Wednesday, December 19, 2012

Whose seeds of death-in-life are burnt

Allegory of Death, Maximilián Pirner, after 1886

He who wanders without a home in this world, leaving behind the desires of this world, and the desires never return - him I call a Brahmin.

He who wanders without a home in this world, leaving behind the feverish thirst for the world, and the fever never returns - him I call a Brahmin.

He who is free from the bondage of men and also from the bondage of the gods: who is free from all things in creation - him I call a Brahmin. 

He who is free from pleasure and pain, who is calm, and whose seeds of death-in-life are burnt, whose heroism has conquered all the inner worlds - him I call a Brahmin.

The Dhammapada, Chapter 26, 415-418 - The Brahmin.
Mascaro translation.

I moved my lips -the Pilot shrieked 
And fell down in a fit; 
The holy Hermit raised his eyes, 
And prayed where he did sit. 

I took the oars: the Pilot’s boy,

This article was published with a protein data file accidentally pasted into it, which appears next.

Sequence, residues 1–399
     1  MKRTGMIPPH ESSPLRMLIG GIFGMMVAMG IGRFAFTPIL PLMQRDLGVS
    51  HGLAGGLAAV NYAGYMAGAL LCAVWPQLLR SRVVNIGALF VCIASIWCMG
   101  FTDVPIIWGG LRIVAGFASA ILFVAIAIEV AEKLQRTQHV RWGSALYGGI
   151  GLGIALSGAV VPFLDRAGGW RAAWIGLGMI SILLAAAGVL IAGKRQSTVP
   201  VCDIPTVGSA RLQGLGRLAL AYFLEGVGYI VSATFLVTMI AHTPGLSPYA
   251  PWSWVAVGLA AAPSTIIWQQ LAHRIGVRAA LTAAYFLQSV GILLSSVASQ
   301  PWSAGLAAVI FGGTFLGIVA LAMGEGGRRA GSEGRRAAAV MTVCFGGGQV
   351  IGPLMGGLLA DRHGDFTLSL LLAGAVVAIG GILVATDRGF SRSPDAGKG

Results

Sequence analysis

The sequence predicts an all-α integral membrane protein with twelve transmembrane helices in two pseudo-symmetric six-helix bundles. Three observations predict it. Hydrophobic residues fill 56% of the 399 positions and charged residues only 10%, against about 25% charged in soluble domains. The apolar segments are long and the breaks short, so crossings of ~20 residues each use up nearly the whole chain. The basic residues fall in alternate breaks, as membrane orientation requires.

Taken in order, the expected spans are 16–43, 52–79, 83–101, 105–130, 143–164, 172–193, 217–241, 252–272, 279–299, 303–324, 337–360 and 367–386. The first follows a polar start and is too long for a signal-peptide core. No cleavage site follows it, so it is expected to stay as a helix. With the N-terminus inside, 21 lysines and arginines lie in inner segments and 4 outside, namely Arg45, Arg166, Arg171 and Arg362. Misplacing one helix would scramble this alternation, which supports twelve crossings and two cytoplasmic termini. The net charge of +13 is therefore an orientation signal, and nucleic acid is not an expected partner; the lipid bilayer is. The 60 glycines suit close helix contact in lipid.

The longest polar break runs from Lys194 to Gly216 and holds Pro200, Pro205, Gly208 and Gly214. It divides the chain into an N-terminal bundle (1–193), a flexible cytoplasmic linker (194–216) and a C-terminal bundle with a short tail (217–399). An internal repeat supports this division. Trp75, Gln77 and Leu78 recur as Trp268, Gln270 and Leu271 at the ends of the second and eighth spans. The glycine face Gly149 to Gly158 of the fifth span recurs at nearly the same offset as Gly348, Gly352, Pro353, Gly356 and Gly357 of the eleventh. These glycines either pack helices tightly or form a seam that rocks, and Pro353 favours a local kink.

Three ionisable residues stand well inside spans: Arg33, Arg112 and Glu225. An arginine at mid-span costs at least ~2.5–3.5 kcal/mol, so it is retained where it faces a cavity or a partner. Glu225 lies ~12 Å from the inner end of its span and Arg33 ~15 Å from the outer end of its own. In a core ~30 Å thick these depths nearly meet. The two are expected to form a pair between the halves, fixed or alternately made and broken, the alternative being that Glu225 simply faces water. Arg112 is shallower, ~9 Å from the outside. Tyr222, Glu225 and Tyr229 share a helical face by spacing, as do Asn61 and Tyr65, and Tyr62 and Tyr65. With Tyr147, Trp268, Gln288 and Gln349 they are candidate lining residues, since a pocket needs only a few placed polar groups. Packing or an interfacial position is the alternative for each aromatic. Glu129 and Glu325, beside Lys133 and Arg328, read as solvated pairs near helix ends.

Who now doth crazy go, 
Laughed loud and long, and all the while 
His eyes went to and fro. 
`Ha! ha!’ quoth he, `full plain I see, 
The Devil knows how to row.’ 

And now, all in my own country, 
I stood on the firm land! 
The Hermit stepped forth from the boat, 
And scarcely he could stand. 

 O shrieve me, shrieve me, holy man! 
The Hermit crossed his brow. 
`Say quick,’ quoth he `I bid thee say - 
What manner of man art thou?’ 

Forthwith this frame of mine was wrenched 
With a woeful agony, 
Which forced me to begin my tale; 
And then it left me free. 

Since then, at an uncertain hour, 
That agony returns; 
And till my ghastly tale is told, 
This heart within me burns. 

I pass, like night, from land to land; 
I have strange power of speech; 
That moment that his face I see, 
I know the man that must hear me: 
To him my tale I teach.

Samuel Taylor Coleridge, The Ancient Mariner, Part VII

SCRAPINGS: Notes for an essay